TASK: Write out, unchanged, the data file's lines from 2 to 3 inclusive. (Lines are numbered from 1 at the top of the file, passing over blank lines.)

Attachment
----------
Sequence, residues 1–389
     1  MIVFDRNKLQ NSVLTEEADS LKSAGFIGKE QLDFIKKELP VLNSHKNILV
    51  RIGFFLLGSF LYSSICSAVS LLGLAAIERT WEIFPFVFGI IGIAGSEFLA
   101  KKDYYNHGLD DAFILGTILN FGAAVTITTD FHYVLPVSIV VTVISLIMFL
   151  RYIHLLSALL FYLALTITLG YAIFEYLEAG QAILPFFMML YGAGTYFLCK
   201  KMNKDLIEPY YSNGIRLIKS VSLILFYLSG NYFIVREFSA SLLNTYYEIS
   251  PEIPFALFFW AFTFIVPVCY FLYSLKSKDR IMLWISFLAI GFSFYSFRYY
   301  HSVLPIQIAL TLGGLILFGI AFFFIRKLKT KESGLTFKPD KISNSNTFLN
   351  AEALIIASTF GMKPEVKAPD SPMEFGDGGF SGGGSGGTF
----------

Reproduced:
     1  MIVFDRNKLQ NSVLTEEADS LKSAGFIGKE QLDFIKKELP VLNSHKNILV
    51  RIGFFLLGSF LYSSICSAVS LLGLAAIERT WEIFPFVFGI IGIAGSEFLA